2007;179(5):2824-31.

44. Gerstenfeld LC, Cruceta J, Shea CM, et al. Chondrocytes provide morphogenic signals that selectively induce osteogenic differentiation of mesenchymal stem cells. J Bone Miner Res. 2002;17(2):221-30.

45. Peng H, Wright V, Usas A, et al. Synergistic enhancement of bone formation and healing by stem cell-expressed VEGF and bone morphogenetic protein-4. J Clin

Invest. 2002; 110(6):751 -9.

46. Einhorn TA, Majeska RJ, Rush EB, et al. The expression of cytokine activity by fracture callus. J Bone Miner Res. 1995; 10(8): 1272-81.

47. Kinnaird T, Stabile E, Burnett MS, et al. Local delivery of marrow-derived stromal cells augments collateral perfusion through paracrine mechanisms. Circulation.

2004; 109(12): 1543-9.

48. Rifas L. T-cell cytokine induction of BMP-2 regulates human mesenchymal stromal cell differentiation and mineralization. J Cell Biochem. 2006;98(4):706-14.

49. Gilbert L, He X, Farmer P, et al. Inhibition of osteoblast differentiation by tumor necrosis factor-alpha. Endocrinology. 2000;141(11):3956-64.

50. Gilbert LC, Rubin J, Nanes MS. The p55 TNF receptor mediates TNF inhibition of osteoblast differentiation independently of apoptosis. Am J Physiol Endocrinol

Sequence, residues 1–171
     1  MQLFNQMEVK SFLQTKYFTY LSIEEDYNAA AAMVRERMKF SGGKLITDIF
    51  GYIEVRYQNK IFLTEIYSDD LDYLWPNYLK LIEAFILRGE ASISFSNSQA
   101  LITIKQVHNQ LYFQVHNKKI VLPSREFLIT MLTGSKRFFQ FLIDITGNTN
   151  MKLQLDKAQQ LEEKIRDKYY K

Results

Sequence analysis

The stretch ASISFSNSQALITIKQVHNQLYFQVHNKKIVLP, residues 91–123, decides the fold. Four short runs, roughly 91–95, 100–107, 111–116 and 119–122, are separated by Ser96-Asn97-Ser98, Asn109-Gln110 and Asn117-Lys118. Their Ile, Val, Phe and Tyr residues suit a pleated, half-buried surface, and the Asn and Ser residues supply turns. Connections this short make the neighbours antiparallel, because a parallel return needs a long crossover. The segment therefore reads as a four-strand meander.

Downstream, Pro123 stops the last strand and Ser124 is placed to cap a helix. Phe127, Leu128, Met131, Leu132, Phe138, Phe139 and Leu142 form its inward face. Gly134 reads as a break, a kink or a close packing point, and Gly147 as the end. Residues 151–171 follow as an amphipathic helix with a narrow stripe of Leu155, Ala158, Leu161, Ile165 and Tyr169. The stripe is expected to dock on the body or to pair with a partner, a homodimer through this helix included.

Metab. 2005;288(5):E1011-8.

51. Hashimoto J, Yoshikawa H, Takaoka K, et al. Inhibitory effects of tumor necrosis factor alpha on fracture healing in rats. Bone. 1989;10(6):453-7. 52. Yoshikawa H, Hashimoto J1 Masuhara K1 et al. Inhibition by tumor necrosis factor of induction of ectopic bone formation by osteosarcoma-derived bone-inducing substance. Bone. 1988;9(6):391-6.

53. Balga R, Wetterwald A, Portenier J, et al. Tumor necrosis factor-alpha: alternative role as an inhibitor of osteoclast formation in vitro. Bone. 2006;39(2):325-35.

54. Fukui N, lkeda Y, Ohnuki T, et al. Pro-inflammatory cytokine tumor necrosis factor-alpha induces bone morphogenetic protein-2 in chondrocytes via mRNA stabilization and transcriptional up-regulation. J Biol Chem. 2006,281 (37):27229- 41.